Wednesday, February 23, 2011

Grandmothers, Mothers and Daughters

I decided to start with embroidery.  Why??  Well, it is portable, inexpensive and breathtaking to look at when a project is complete.  I was introduced to embroidery as a little girl.  My mother gave me a Snoopy embroidery kit when a was around nine or ten years old.  Embroidering that little Snoopy, with his long stocking cap hanging down over the side of his classic dog house, kept me entertained for hours.  I was surprised that it was fairly easy after my mom showed me the first few skills.  The funny thing is that I never saw my mom embroider.  And, although she didn't carry a hoop around, stitching the hours away, she was good at it.  Actually, my mom was good at everything. 

When I was small and we moved into my first real house, my dad built her a studio in the basement.  She spent hours, burning wood, and creating gifts for family and friends.  The smell of scorched wood brings me back to that room.  She had a wooden box that she kept her oil paints and linseed oil and precious paint brushes in, that I gazed at like they were jewels.  My Nana Mary had an oil painting, that my mother did in high school, hanging in her dining room that I marveled at.  If my mom could do that she really could do anything.  That old paint box was in my possession for a number of years and it now lives with my daughter, Mary, in Toronto.  I saw it the other day while organizing Mary's studio, and it made me so happy to see it still in use.  Creativity nurtured and practiced over three generations.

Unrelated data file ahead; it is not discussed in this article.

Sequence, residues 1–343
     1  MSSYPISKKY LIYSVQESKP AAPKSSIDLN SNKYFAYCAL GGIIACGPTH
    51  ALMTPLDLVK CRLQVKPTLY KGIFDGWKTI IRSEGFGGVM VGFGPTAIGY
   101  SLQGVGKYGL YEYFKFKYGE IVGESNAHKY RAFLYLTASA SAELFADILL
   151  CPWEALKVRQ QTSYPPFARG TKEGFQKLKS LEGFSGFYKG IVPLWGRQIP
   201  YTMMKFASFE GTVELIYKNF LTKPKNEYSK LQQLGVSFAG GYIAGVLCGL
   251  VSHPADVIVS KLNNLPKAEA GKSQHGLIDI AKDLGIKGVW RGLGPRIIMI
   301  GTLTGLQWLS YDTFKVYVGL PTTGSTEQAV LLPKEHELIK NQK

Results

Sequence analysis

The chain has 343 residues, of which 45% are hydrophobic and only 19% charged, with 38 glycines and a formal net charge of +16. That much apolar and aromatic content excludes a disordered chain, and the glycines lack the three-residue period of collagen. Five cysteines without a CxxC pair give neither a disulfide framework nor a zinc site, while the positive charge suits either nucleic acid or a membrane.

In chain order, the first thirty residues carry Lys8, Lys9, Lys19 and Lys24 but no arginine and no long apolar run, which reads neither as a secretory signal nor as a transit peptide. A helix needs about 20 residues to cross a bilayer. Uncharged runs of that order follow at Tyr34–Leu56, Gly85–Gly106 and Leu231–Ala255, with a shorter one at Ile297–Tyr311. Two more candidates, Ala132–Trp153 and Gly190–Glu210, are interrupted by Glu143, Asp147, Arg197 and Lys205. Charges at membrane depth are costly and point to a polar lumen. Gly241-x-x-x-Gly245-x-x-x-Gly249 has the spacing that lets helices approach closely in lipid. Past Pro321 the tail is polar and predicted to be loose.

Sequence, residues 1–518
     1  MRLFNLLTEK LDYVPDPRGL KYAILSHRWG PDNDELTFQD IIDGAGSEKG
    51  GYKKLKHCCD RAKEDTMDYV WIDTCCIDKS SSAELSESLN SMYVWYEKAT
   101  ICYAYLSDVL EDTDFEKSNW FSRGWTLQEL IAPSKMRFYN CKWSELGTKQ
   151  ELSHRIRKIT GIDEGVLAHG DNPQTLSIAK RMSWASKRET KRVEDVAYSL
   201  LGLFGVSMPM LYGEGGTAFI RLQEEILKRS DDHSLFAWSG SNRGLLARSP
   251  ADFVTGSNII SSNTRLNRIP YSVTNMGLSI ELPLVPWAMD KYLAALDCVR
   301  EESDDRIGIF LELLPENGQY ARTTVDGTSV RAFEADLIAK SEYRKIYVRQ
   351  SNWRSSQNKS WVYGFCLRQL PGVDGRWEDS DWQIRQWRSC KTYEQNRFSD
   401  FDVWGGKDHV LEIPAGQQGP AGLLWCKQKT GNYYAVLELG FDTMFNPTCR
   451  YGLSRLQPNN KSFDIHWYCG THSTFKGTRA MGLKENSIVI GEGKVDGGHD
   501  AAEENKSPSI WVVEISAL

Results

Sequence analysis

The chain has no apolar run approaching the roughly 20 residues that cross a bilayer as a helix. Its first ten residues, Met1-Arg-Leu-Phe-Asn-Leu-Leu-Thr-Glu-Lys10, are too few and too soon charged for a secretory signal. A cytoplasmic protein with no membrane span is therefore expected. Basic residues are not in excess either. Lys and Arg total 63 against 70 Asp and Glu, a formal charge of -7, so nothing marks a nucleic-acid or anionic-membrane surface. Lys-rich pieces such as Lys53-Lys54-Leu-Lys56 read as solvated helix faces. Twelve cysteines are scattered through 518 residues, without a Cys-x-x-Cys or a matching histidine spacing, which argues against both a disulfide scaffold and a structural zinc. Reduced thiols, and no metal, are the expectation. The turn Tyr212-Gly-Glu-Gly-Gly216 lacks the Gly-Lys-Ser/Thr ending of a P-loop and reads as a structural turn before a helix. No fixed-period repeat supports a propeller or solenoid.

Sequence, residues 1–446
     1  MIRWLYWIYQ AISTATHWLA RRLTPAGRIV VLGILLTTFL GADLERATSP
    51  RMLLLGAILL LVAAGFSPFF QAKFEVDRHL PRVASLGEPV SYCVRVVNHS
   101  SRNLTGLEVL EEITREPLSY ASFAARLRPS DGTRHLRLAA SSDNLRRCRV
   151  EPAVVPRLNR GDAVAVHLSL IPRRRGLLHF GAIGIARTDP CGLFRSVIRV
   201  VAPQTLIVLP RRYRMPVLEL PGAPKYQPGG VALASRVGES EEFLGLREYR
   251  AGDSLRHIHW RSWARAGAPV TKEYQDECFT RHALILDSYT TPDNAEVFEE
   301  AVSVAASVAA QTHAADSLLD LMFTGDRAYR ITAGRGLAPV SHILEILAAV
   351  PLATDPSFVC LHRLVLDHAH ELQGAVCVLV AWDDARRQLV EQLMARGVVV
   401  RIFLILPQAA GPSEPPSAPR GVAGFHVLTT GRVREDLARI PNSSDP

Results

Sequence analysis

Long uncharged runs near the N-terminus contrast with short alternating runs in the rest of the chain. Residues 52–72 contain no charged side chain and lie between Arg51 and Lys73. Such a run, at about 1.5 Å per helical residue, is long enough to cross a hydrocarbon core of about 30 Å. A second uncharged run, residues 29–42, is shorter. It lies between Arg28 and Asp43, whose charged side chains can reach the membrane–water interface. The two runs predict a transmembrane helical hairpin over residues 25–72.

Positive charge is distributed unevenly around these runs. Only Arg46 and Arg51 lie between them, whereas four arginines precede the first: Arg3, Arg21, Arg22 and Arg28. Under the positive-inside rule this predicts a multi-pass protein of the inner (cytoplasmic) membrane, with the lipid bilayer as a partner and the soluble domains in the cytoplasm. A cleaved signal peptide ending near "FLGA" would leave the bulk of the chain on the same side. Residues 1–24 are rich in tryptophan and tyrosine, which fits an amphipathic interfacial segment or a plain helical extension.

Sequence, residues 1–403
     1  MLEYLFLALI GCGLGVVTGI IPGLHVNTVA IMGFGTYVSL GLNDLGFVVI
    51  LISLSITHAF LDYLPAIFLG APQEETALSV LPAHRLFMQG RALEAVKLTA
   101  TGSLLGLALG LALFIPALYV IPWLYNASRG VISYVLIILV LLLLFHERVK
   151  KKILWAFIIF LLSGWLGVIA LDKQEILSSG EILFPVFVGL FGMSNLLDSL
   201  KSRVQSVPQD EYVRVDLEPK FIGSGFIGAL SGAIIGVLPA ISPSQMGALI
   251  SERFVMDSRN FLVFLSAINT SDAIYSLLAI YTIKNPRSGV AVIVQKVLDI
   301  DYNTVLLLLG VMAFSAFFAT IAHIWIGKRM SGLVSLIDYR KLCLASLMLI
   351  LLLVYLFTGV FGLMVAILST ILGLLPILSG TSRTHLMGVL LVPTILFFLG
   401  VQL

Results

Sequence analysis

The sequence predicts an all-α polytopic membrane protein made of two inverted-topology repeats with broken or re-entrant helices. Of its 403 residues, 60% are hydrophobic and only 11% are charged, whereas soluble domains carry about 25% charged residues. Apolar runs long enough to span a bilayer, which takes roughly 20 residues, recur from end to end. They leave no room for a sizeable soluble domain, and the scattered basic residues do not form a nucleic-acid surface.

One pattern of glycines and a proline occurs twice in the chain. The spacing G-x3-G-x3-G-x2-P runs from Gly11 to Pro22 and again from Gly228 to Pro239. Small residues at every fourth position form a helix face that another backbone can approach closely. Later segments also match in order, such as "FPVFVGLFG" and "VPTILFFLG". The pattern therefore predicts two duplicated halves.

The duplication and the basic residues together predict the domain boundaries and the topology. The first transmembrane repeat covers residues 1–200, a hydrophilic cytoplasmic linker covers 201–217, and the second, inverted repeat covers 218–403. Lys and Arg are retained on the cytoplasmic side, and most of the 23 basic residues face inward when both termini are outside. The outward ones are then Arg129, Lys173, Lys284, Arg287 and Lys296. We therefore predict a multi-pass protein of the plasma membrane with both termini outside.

My mother is one of my greatest inspirations.  She has gifted me with more things than I can list and supported me through every phase of my life.  She is an example of the highest form of unconditional love and acceptance and demonstrates generosity of spirit in every act.  She also is one fine artist, worthy of imitation.

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